Jun 11, 2007

Dream Angus by Alexander McCall Smith

This book is part of the Canongate Myths Series, and it was an extra read for the Once Upon a Time challenge. I decided to pick it up because I was really impressed with the books I’d read in the series, and this one was no exception. Getting it was a bit of a shot in the dark, because I was not familiar with Alexander McCall Smith, nor with the Celtic Myth of Angus, but I was very pleasantly surprised. In fact, I think this is my favourite book in the series so far.

Angus is the Celtic God of love, youth and dreams. McCall Smith describes him as follows:
Angus was the god of love, and of youth too, and of dreams. All who saw him loved him; there were no exceptions. They would wait for him to pass by and they would ask him to send them a dream of the man or the woman who would be their lover, and he always did that; he never refused. And if the person who stopped him and asked him was a girl or a woman, she would get a kiss, and the kiss would become a bird, a small bird that would flutter around for a few moments and then would disappear somewhere on the wind, leaving those who had seen it to wonder whether they had imagined the whole thing.
In Dream Angus, certain mythological episodes concerning Angus’ conception, birth and life are beautifully retold. The chapters about Angus are alternated with chapters with contemporary stories of people whose lives are touched by Angus – by dreams, by love, by youth and the loss of it – in one way or another.

These stories are beautiful, and some are really moving too. There’s the story of the couple on their honeymoon who still have to discover what sharing and intimacy truly mean; there’s the story of the young Scottish boy who loves his older brother more than anything; there’s the story of the pig-keeper who gets too attached to one of the lab pigs he looks after; there’s the story of the woman who feels her life crumbling along with her marriage. These stories are subtly related to one another, and are of course also related to Angus, some in more obvious ways than others.

What I loved the most about this book was how beautiful the writing was. I kept thinking it reminded me of something, and it took me a while to figure out what it was. It was of one of my favourite books, Daniel Wallace’s Big Fish. Dream Angus has the same kind of subtle mix of fantasy and realism, the same attention to detail, the same simple and yet beautiful way of describing things and people and feelings which makes them seem fresh and new. There were many moments in the book that brought tears to my eyes. Allow me to share just one more passage, one that I really love:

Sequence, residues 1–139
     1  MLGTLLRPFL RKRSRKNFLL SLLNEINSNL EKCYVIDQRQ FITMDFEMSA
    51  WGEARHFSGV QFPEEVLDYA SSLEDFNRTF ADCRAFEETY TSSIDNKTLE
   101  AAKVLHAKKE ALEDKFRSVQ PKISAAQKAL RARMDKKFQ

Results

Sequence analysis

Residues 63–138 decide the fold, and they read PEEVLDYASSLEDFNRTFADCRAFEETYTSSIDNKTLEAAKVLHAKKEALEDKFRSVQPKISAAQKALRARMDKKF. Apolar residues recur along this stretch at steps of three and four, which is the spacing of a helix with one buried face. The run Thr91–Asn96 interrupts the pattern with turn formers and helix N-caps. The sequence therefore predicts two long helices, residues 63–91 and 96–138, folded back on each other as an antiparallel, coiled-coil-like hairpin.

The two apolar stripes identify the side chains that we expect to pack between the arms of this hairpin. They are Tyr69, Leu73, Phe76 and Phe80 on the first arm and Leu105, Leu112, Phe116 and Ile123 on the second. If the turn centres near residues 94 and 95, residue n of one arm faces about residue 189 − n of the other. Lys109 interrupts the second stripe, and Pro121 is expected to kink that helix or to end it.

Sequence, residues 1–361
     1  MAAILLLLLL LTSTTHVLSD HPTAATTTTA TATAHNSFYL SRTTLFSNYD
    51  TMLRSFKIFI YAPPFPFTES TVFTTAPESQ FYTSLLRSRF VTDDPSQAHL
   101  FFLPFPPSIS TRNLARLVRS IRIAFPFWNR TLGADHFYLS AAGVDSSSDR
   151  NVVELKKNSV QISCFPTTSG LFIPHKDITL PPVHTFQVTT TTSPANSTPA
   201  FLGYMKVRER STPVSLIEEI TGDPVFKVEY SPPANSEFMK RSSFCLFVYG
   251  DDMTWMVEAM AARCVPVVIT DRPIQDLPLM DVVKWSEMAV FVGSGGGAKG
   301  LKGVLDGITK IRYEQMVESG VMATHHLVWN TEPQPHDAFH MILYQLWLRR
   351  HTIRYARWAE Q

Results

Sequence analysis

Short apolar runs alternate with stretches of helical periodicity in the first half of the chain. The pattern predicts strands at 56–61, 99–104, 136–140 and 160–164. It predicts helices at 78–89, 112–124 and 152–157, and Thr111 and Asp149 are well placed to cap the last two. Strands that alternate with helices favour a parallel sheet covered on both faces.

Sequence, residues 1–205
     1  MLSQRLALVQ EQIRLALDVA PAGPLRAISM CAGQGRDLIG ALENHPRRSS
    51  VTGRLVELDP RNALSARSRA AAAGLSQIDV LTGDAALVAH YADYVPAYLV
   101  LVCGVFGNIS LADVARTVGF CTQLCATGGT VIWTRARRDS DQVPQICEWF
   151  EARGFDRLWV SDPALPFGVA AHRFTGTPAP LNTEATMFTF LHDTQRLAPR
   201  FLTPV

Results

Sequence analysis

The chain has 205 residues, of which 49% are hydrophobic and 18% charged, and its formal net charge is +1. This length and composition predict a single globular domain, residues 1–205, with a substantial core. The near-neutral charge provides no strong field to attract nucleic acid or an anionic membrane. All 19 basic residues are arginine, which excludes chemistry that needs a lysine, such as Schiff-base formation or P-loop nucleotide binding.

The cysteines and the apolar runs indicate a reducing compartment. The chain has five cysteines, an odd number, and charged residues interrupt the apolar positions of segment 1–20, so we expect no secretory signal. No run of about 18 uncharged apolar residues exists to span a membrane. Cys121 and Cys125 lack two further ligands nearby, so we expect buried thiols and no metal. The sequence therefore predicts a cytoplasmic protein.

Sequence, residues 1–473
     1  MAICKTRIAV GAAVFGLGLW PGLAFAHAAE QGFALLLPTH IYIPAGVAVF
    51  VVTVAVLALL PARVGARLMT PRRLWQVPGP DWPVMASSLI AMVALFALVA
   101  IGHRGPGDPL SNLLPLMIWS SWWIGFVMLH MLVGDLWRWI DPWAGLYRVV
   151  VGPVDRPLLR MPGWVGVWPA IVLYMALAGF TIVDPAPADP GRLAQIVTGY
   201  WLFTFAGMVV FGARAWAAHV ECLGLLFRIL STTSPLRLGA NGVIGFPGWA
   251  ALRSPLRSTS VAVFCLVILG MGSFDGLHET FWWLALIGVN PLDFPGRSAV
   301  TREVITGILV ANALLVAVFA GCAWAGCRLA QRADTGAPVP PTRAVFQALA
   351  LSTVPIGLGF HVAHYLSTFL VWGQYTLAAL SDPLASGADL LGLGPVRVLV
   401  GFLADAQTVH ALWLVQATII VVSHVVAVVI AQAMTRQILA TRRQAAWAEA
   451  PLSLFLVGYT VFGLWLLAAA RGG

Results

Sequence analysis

…but stranger than that, surely, was something one of the women noticed about the birds that perched Angus’s window overnight, waiting until he should come outside in the morning. At first the women thought that these birds never truly slept, as they made tiny sounds, chirruping through the night, but then they noticed that the birds’ eyes were indeed closed and that the sounds they made were the sounds of their bird-dreams, as a sleeping dog will growl when it chases some quarry in its dreams. Nobody had imagined that birds dreamed, and many would have said it was impossible, for birds have very small heads and there is no room for dreams in such heads; but these women now knew differently, because they had seen it. They knew that birds had dreams, even if they were tiny ones, of small things that happened in small places – amongst the leaves, or in little corners, in the small lives of birds.
This book was a very fast read. I thought I would have no time to read this weekend, as I was going to be out most of the time, but I got through it in a little over an hour on the train. It left me wanting to read more of Alexander McCall Smith’s work, and also wanting to read more about Celtic Mythology. I don’t know as much about it as I do about other traditions, but I really love everything I do know.

Other Blog Reviews:
A Fondness for Reading
Reading Adventures
Booknotes by Lisa
Valentina's Room


  1. I absolutely adore the Canongate Myths series and I am so glad they keep adding new titles to the series all the time. "Dream Angus" sounds fascinating and you've written a sparking review, I will definitely have to pick it up. The last one I read was Margaret Atwood's "Penelopiad".

  2. I'm so excited about the future titles in this series - they will include authors I love, like A. S. Byatt, Philip Pullman and Ali Smith.

    I read The Penelopiad recently and I enjoyed it, but I found this one even better! I'd love to know what you think of it when you get to read it.


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